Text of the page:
repeal death tax

HJTA needs about 1.2 million signatures by February 5th to qualify the Repeal the Death Tax Act for next November’s ballot

Last week when Gov. Gavin Newsom was sharing his proposed 2024-2025 budget, he insisted that he was opposed to a proposed wealth tax. And sure enough, Assembly Bill 259 by Assemblyman Alex Lee (D-Palo Alto), which will impose an annual “worldwide net worth” tax of 1 percent on net worth above $50 million, rising to 1.5 percent on net worth over $1.0 billion, was killed in committee that afternoon.

However, the governor has been mum about another type of wealth tax – California’s sneaky Death Tax, which adds a new tax on property inherited by a family member, which was already taxed over the years of ownership.

In 2020, Proposition 19 resurrected the Death Tax on families whose property is left to loved ones when they die, putting their homes, property and businesses at significant risk. While the initiative was cleverly disguised as a benefit for the elderly and disabled communities, Proposition 19 caused far more harm than good.

In May, Senator Kelly Seyarto (R-Murrieta) introduced Senate Constitutional Amendment 4, to restore taxpayers’ property rights by reversing the state’s “death tax” written into Proposition 19. Deviously titled “the Property Tax Transfers, Exemptions, and Revenue for Wildfire Agencies and Counties Amendment,”

SCA 4 would have reversed one of the largest property tax increases in state history, a little-noticed provision of Proposition 19 that revoked the ability of families and parents to pass property to their children without any change to the property tax bill, according to the Howard Jarvis Taxpayers Association.

However, Democrats killed Seyarto’s SCA 4 in a legislative committee.

I remember when the Death Tax was first slayed.

“It was 1986 when the parent-child exclusion from reassessment was first added to the state constitution,” Susan Shelly recently wrote. “A growing number of Californians were angry to discover that state law treated death and inheritance as a “change of ownership” under Prop. 13, triggering reassessment to current market value just as if it was a sale. The legislature proposed a constitutional amendment that would allow parent-child transfers of a home and a limited amount of other property, such as a small business or a rental property, without reassessment.”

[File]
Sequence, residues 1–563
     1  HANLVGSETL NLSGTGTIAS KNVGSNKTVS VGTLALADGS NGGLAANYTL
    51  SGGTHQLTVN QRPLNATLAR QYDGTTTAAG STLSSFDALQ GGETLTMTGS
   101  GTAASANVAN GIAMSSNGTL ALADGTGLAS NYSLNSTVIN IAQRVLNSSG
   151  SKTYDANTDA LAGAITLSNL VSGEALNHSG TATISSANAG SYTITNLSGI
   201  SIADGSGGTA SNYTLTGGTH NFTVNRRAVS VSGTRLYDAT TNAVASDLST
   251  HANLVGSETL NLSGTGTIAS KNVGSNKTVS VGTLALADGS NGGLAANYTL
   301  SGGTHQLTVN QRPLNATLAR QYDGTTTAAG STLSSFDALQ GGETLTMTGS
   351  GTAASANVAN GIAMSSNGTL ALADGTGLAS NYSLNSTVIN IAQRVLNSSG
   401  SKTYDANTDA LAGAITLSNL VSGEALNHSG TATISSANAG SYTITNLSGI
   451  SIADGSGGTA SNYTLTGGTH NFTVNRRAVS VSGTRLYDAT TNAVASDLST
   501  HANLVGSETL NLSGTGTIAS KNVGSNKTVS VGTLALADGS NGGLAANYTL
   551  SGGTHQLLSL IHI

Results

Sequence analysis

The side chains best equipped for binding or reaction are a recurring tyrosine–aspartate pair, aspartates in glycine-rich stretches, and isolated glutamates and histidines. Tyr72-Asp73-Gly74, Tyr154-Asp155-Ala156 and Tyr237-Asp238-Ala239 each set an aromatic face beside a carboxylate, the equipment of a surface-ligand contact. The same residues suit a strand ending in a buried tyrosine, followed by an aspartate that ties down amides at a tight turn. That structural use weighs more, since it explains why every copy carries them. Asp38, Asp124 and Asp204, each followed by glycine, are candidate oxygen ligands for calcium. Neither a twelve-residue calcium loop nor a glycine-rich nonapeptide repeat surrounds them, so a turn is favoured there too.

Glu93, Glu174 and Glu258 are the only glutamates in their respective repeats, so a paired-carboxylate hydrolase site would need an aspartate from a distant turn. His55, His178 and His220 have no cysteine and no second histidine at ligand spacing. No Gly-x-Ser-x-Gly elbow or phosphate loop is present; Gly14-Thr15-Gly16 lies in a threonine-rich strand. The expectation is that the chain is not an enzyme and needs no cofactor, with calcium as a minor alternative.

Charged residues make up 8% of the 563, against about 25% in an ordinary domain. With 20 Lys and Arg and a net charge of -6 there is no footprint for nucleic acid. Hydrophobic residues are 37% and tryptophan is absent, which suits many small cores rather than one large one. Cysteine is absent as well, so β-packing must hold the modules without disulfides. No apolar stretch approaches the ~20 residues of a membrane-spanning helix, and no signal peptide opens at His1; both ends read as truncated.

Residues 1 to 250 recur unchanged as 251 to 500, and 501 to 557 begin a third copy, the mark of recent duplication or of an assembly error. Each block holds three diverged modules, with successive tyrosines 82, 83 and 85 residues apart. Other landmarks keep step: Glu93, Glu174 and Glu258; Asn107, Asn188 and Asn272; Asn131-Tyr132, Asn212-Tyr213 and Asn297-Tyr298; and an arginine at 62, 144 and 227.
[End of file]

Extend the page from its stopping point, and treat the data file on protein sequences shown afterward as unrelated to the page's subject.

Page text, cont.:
“The parent-child transfer protection passed by a unanimous vote in both houses of the legislature, and then was approved by 75% of voters statewide.”

Howard Jarvis Taxpayers Association elaborates on how Proposition 19 hurts taxpayers:

Proposition 19, had two main elements. The first was expanded “portability” of base-year property taxes. Homeowners who are 55 years of age or older, who are victims of a wildfire, or who are disabled may now move to a replacement home anywhere in the state, of any value, and take the base-year property tax assessment of the old home with them to a new home up to three times.

Now to the other part of Proposition 19. Previously under the state constitution, property transfers between parents and children, and sometimes grandparents and grandchildren, were excluded from reassessment. These family members could transfer a home of any value and up to $1 million of assessed value of other property, such as a small business property, a vacation cabin, or a rental property, without any increase in the property tax bill. This taxpayer protection was added to the state constitution in 1986 by Proposition 58 (parents and children) and in 1996 by Proposition 193 (grandparents and grandchildren) with overwhelming public support.

Proposition 58 was approved by more than 75% of California voters, and Proposition 193 was approved by nearly the same margin. Now, these taxpayer protections are gone.

Proposition 19 has replaced 58 and 193 with a very narrow exclusion for family transfers of property. Only a principal residence that the inheriting child occupies as his or her permanent primary residence is eligible for an exclusion from reassessment. Unless the new owner can move in within one year, the property is reassessed to market value. Business properties and rental properties lose the protection entirely.

So, what can be done?

Susan Shelly continues, “the Howard Jarvis Taxpayers Association, where I am on staff as VP of Communications, is collecting signatures to put an initiative on the ballot that would repeal the tax increase that was hidden in Prop. 19, without touching the other provisions in it. The official petition is available at RepealTheDeathTax.com and can be downloaded and printed on one sheet of ordinary letter-size paper. This enables instant distribution of the petition throughout the state. Theoretically, a million people could download the petition at the same time, fill it out and sign it, and have one other registered voter in the household also sign it.”

It’s easy. Click on RepealTheDeathTax.com and/or

Click here to DOWNLOAD the official petition RIGHT NOW

RepealTheDeathTax.com has more details HERE:

Read the Initiative here.

Please note: You must print and sign the petition with paper and ink. It’s not electronic.

Follow the easy instructions. And please note:

DEADLINE EXTENDED! Return signed petitions to HJTA postmarked by FEBRUARY 5

Download the official, legal petition to put the REPEAL THE DEATH TAX initiative on the November 2024 ballot.

Complete instructions are included in the pdf file.

Get your petition in the mail ASAP – before February 5th.

Original Article Source – Slay the Death Tax

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